books by mike gruntman Mike's books     videos by mike gruntman Mike's videos on satellite orbits

Mike's short courses on space systems

North Korea (DPRK)

Satellite Launch in 2012

Ballistic missile threat

short presentation by Mike Gruntman as part of Engineers Week celebration
at the University of Southern California, February 2013

This web page in Belarusian language

About Mike Gruntman

This presentation slides as pdf

Direct link to this North Korea launch video on Vimeo

(full screen and download in high resolution)

Elite Space Club

North Korea launch 2012    North Korea launch analysis video on YouTube

On December 12, 2012, North Korea (Democratic People's Republic of Korea – DPRK) successfully placed into orbit an artificial satellite by a 3-stage rocket Unha-3. The satellite, KwangMyongSong-3 (KMS-3-2) apparently failed after deployment. It was the fifth satellite launch attempt and it finally has succeeded. North Korea had thus achieved a satellite in orbit almost two months before South Korea (Republic of Korea  – ROK) launched its satellite on January 30, 2013.

Direct link to this North Korea launch video on Vimeo

(full screen and download in high resolution)

Many "talking heads" in the media and self-described "pundits" (not all) dismissively jeered at the successful launch by North Korea and played down its impact. Similar reactions often greeted previous unsuccessful launches and ballistic missile tests by North Korea.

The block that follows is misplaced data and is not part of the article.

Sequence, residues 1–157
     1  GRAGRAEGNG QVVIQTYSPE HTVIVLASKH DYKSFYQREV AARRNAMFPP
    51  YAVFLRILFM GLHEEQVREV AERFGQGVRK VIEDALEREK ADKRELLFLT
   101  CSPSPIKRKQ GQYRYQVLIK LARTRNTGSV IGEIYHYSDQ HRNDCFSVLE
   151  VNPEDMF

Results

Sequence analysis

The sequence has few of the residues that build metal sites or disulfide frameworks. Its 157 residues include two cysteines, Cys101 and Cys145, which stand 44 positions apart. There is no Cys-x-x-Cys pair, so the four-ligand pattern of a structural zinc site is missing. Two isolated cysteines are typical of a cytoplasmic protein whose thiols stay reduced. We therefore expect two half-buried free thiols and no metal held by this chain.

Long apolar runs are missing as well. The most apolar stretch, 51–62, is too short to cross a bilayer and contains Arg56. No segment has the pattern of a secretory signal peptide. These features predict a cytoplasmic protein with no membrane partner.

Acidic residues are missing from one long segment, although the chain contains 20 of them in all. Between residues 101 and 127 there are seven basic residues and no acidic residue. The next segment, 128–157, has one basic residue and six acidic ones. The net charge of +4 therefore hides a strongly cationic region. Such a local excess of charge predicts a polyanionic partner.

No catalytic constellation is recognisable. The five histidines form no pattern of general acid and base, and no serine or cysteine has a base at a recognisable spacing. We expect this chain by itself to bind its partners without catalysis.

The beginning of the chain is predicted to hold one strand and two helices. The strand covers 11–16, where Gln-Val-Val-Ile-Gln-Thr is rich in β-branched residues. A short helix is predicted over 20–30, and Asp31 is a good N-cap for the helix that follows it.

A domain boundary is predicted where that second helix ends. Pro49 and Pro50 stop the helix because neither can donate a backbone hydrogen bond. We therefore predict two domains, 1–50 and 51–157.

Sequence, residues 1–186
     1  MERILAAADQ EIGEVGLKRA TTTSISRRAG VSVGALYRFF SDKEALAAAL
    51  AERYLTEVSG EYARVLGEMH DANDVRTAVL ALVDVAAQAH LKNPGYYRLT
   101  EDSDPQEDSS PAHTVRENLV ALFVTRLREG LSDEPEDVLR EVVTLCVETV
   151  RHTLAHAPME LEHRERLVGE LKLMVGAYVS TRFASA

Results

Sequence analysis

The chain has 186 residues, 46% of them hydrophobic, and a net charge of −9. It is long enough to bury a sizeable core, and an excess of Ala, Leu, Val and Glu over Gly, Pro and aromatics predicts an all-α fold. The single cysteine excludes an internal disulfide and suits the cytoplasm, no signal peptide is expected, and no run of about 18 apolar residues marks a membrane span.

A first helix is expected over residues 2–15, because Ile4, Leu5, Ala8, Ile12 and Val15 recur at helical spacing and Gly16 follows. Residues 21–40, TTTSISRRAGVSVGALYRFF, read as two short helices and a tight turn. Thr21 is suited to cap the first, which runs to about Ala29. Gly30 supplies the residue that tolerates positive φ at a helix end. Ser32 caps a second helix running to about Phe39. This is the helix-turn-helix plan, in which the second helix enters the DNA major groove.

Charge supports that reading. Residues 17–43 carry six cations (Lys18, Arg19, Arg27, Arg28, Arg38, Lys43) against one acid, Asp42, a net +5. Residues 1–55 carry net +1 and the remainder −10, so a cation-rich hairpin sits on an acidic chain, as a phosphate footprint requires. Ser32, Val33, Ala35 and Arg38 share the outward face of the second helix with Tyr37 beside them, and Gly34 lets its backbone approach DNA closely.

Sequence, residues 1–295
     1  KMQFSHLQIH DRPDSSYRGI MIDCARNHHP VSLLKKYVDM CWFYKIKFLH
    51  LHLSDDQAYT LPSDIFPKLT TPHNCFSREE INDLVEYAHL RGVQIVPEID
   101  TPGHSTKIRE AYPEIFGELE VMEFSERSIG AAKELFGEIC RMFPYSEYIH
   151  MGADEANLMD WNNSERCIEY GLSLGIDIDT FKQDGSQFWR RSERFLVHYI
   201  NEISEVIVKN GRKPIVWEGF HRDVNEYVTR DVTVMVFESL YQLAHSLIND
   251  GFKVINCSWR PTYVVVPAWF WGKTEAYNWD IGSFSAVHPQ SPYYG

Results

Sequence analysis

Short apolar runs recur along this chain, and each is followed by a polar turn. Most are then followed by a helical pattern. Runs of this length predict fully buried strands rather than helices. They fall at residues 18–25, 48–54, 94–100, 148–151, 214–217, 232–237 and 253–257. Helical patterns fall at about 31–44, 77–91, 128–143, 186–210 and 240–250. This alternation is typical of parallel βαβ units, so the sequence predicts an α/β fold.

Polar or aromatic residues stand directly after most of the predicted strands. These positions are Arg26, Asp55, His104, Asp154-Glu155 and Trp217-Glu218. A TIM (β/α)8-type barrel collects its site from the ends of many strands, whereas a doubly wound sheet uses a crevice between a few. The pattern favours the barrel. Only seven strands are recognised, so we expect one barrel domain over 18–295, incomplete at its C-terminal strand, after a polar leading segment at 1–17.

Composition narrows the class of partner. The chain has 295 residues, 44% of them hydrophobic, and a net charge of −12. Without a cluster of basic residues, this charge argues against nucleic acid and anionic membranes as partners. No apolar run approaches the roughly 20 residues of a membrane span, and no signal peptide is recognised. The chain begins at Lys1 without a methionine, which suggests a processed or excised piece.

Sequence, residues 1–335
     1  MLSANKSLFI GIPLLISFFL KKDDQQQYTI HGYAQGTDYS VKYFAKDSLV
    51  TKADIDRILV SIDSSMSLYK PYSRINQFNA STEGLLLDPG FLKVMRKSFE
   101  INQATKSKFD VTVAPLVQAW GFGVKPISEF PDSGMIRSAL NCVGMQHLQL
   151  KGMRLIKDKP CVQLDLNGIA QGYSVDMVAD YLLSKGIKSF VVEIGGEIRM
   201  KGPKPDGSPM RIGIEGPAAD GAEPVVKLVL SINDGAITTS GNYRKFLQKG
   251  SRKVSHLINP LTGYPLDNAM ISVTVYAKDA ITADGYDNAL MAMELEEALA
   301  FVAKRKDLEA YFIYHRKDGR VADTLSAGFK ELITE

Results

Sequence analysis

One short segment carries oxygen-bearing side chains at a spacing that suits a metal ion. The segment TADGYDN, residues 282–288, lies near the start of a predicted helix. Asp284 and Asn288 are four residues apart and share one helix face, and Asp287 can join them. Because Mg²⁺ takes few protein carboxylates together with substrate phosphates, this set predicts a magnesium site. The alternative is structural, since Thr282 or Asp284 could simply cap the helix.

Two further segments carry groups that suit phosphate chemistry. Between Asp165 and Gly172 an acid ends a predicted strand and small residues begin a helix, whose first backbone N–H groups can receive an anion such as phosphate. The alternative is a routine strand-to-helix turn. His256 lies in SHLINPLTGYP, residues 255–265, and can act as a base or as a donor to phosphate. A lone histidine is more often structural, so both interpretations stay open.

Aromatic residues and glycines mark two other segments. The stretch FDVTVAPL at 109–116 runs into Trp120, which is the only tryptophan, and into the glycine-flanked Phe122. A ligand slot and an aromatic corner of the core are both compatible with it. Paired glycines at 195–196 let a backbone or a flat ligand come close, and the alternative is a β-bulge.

Examples (Associated Press):
"N[orth] Korea is still years away from reliable missiles"
"... [successful launch] doesn't mean that Pyongyang is close to having an intercontinental ballistic missile ..."

Let us leave to others to decide whether some pundits are uninformed or simply pursue an agenda, advocated by an appeasement wing of political and diplomatic establishments.

Dismissing, denigrating, and jeering at North Korean real achievements is irresponsible and unfair. It may lead to a miscalculation by policy and decision makers. Such miscalculations are dangerous and consequential.

One does not need a rocket technology of 2010 to place a nuclear warhead at half a world away.

The 50-year old rocket technology of 1960 would suffice.

One does not have to be a rocket scientist to understand this.

This short presentation (video) concentrates on technical aspects of the North Korean satellite launch, demonstrating how the material learned by engineering students in astronautical engineering coursework (ASTE-520 Spacecraft Design ) could be applied to assessing real problems of the real world such as ballistic missile threat.


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